adduced by the defendant to contradict the same, judgment is hereby rendered ordering the defendant to
pay plaintiff as follows:
"(a) P50,000.00, the principal obligation, plus interest at the legal rate from September
12, 1983 until the full amount is paid;"
"(b) P10,000.00 both for moral and exemplary damages;"
"(c) P5,000.00 for and as attorney's fees; and"
"(d) the costs of suit.
"SO ORDERED." (Ibid., p. 30)
Premiere filed a motion for reconsideration of the foregoing decision, based principally on a question of law alleging that the
Securities and Exchange Commission (SEC) has exclusive and original jurisdiction over a corporation under a state of
suspension of payments (Ibid., pp. 32-41).
Magalad filed an opposition to the motion for reconsideration on January 8, 1985 alleging among others that the regular
court has jurisdiction over the case to the exclusion of the SEC (Ibid., pp. 51-53).
On May 28, 1986 the lower court issued an order denying the motion for reconsideration (Ibid., p. 61).
On June 11, 1986 Premiere filed his notice of appeal which led to the issuance of the order of the lower court dated July 29,
1986 elevating the case to the Court of Appeals (CA) (Ibid., pp. 62; 63).
The Court of Appeals in its resolution dated September 8, 1987 dismissed the case for failure of Premiere to file its brief
despite the ninety-day extension granted to it, which expired on June 10, 1987 (Rollo, p. 16).
An omnibus motion for reconsideration and admission of late filing of Premiere's brief was filed on September 22, 1987
(Rollo, pp. 17-19; 32).
On September 30, 1987 the Court of Appeals issued a resolution which reconsidered its previous resolution dated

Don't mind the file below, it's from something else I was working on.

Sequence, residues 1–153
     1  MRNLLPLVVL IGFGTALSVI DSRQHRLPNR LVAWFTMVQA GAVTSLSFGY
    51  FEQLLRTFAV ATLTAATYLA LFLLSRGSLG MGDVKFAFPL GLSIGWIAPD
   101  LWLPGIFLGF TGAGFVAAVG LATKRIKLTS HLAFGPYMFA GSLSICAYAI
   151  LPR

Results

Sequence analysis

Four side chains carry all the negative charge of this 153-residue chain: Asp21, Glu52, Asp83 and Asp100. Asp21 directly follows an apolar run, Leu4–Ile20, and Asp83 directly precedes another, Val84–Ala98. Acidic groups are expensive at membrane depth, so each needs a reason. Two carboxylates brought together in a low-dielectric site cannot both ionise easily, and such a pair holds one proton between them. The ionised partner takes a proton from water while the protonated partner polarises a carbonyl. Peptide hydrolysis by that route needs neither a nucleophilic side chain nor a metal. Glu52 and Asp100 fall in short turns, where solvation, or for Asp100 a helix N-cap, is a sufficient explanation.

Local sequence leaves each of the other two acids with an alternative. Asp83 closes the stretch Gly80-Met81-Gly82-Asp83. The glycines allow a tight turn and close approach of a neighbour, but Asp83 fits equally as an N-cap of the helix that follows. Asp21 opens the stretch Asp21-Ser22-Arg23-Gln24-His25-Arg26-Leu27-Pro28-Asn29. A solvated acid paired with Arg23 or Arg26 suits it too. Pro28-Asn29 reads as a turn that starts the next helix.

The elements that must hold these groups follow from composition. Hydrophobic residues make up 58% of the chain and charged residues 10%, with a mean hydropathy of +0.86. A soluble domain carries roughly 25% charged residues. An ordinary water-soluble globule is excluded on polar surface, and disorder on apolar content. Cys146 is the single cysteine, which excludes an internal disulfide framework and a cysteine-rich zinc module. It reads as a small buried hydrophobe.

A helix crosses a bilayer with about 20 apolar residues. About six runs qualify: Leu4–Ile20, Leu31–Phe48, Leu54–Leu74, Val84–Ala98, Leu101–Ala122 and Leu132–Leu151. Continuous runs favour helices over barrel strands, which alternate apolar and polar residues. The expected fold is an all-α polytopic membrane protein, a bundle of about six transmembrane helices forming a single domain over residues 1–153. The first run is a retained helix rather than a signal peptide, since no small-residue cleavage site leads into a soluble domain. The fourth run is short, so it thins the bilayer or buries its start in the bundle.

September 5, 1987 and admitted the Premiere's brief (Rollo, p. 26). prcd
On January 31, 1989 the Court of Appeals issued a resolution certifying the instant case to this Court on the ground that the
case involves a question of law, the dispositive part of which stating:
"ACCORDINGLY, pursuant to Rule 50, Sec. 3, in relation to the Judiciary Act of 1948, Sec. 17, par. 4(3)
(4), the appeal in this case is hereby certified to the Supreme Court on the ground that the only issue
raised concerns the jurisdiction of the trial court and only a question of law." (Rollo, p. 33)
Hence, this appeal.
The pivotal issue in this case is whether or not the court a quo had jurisdiction to try the instant case.
At the very core of this appeal assailing the aforesaid pronouncement of the lower court, and around which revolve the
arguments of the parties, is the applicability of Presidential Decree No. 902-A (Reorganization of the SEC with Additional
Powers), as amended by Presidential Decrees Nos. 1653, 1758 and 1799. Magalad submits that the legal suit which she
has brought against Premiere is an ordinary action for damages with the preliminary attachment cognizable solely by the
RTC. Premiere, on the other hand, espouses the original and exclusive jurisdiction of the Securities and Exchange
Commission.
Presidential Decree No. 902-A, Section 3, provides:
"SEC. 3. The Commission shall have absolute jurisdiction, supervision and control over all corporations,
partnerships or associations, who are the grantees of primary franchises and/or a license or permit
issued by the government to operate in the Philippines; and in the exercise of its authority, it shall have
the power to enlist the aid and support of and to deputize any and all enforcement agencies of the
government, civil or military as well as any private institution, corporation, firm, association or person."
(As amended by Presidential Decree No. 1758)
Sec. 3 of Pres. Decree No. 902-A should also be read in conjunction with Sec. 5 of the same law, providing:
"SEC. 5. In addition to the regulatory and adjudicative functions of the Securities and Exchange
Commission over corporations, partnerships and other forms of associations registered with it as
expressly granted under the existing laws and decrees, it shall have original and exclusive jurisdiction to
hear and decide cases involving:

'a) Devises or schemes employed by or any acts of the Board of Directors, business associates,
its officers or partners, amounting to fraud and misrepresentation which may be detrimental to
the public and/or to the stockholders, partners, members of associations or organizations
registered with the Commission.'"(Emphasis supplied)